The saltwater fishing scene in South Mississippi is directly impacted by the tides, the moon phases and water temperatures.
In terms of water temperature, the key number is 70 degrees in the Mississippi Sound and the bay and rivers systems in Hancock, Harrison and Jackson counties. That's the magical number when predators enter the Mississippi Sound during the spring as water temperatures begin to rise after a long winter.
In the fall and winter, the 70-degree mark is once again the magical number when predators feed more aggressively – and often for longer periods of time - after a summer in which water temperatures can approach the 90-degree mark.
South Mississippi should hit the magical 70-degree mark with this weekend's expected cool front before dropping toward the 60-degree mark in November. That change will have a direct impact on nearshore fishing, including the reefs built by the Mississippi Department of Marine Resources in Biloxi and local piers for flounder, speckled trout, sharks, redfish and sharks.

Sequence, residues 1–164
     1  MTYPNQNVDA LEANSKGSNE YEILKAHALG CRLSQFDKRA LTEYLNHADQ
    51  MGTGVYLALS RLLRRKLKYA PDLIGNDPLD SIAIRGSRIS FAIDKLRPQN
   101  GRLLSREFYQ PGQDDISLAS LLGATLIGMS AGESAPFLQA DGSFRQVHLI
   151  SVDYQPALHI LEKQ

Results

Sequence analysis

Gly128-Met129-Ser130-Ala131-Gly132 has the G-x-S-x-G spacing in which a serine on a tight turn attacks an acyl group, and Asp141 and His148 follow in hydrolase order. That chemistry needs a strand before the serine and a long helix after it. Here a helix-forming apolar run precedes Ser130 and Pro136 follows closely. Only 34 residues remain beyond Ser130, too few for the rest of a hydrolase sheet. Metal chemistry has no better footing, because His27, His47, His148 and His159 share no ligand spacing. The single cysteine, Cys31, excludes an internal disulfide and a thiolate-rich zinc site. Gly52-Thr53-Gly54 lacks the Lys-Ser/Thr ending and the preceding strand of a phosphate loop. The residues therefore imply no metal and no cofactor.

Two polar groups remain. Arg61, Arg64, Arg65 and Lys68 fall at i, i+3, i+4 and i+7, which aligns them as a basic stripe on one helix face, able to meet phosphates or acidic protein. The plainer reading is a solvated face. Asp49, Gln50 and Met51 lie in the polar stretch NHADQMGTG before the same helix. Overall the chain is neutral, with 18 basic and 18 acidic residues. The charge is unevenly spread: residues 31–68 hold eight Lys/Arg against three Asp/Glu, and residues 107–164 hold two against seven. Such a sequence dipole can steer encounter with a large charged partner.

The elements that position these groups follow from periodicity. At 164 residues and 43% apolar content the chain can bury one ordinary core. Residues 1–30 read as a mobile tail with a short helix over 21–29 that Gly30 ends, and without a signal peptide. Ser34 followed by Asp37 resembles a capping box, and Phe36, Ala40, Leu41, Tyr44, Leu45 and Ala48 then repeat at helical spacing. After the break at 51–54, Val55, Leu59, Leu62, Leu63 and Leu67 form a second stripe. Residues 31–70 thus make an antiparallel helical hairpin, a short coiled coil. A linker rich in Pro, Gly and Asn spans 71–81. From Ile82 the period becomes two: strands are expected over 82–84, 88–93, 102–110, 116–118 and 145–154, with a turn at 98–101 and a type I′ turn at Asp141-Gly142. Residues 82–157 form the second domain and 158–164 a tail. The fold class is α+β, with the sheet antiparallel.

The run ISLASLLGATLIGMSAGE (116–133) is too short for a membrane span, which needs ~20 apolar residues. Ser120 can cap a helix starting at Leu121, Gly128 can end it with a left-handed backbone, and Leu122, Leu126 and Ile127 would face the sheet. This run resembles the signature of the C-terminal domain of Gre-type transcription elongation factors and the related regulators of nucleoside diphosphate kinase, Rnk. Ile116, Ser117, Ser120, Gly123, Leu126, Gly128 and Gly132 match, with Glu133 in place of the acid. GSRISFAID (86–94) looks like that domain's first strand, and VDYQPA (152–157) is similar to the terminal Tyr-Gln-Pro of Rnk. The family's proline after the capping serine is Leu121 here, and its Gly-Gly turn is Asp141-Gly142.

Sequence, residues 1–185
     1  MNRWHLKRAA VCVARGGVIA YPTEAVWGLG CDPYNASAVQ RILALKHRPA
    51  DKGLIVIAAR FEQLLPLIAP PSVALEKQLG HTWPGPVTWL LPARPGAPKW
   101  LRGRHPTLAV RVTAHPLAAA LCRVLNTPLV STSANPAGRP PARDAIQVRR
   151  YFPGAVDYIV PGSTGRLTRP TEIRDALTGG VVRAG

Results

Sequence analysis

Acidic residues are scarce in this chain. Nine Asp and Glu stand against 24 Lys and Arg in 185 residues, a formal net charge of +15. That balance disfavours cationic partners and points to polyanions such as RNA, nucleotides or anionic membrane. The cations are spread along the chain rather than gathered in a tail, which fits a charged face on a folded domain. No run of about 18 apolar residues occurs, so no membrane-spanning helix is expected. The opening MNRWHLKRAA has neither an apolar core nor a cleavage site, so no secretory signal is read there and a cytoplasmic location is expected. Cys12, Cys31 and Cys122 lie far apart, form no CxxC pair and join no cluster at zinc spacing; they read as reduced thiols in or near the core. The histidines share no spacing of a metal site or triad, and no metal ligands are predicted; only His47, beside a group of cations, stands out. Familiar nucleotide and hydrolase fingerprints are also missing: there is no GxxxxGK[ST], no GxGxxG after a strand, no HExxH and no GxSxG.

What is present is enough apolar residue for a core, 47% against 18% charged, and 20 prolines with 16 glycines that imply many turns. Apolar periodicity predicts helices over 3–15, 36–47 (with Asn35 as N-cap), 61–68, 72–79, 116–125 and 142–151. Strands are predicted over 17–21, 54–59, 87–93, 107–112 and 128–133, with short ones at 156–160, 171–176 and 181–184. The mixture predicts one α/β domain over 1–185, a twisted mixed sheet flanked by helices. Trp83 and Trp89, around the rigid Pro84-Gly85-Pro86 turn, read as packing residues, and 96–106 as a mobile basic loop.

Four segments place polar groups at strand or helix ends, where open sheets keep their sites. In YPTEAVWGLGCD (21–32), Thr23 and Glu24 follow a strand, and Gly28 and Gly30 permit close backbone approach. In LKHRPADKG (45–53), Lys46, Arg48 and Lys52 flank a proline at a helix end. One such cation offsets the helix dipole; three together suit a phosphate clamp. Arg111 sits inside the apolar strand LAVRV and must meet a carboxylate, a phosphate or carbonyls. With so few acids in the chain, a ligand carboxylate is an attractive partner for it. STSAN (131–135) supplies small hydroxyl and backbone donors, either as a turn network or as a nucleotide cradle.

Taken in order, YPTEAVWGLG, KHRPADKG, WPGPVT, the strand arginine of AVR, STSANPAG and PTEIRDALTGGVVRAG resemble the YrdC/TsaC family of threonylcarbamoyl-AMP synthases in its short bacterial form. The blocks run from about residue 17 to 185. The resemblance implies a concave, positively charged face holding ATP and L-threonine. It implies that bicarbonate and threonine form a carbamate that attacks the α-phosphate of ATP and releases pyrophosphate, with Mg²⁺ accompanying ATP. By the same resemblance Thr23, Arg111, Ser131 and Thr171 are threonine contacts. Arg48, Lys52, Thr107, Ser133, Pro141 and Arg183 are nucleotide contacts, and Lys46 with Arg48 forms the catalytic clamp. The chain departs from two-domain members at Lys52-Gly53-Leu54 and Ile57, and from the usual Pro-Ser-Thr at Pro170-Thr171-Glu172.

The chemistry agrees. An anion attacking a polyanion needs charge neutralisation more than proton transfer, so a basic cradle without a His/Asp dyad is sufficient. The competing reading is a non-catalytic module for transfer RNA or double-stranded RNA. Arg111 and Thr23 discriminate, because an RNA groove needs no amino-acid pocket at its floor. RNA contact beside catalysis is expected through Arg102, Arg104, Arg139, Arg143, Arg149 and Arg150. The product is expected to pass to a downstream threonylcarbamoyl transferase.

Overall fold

''I think 70 (degrees) is a good benchmark, but I was always taught by my dad (Jay) and his dad that in the spring the cobia would show up at 68,'' said Dustin Trochesset, captain of the Big Fish charter boat out of Biloxi. "Seventy is a good number to base both spring and fall on because in the spring it's a good number for bait fish to show up. In the fall it's a good number because the water is not too hot to make the predators want to eat. Predators know colder water is on the way and the bait - their primary food source - will soon be leaving.
''October is one of my favorite times to fish because the air temperature is bearable and there's still a lot of fish. The fish are ready to fatten up before the cold water makes them almost dormant and the bait fish are still hanging around until the water gets too cold to run them off.''
Ronnie Daniels, captain of the Fisher-Man Guide Service out of Long Beach, called 70-degrees the magical mark for catching speckled trout. Especially in the Louisiana Marsh.
''Seventy-degrees is the magical mark in the fall,'' said Ronnie Daniels, captain of the Fisher-Man Guide Service out of Long Beach. ''In the spring, it's 75 for me. That's when the [speckled] trout – all fish - start moving back out of the marsh and bays.
''In the fall, it has to do with multiple thins. First, the white shrimp are coming out of the marsh and trout start moving in the bays to fatten up. The drop in water temperature means you can catch trout all day, too. During the months of July and August, when the water temperature is hot, you get two or three hours of fishing in the morning and a half-hour or so before dark to fish. It [fishing] is on right now with the water temperature near 70-degrees.''
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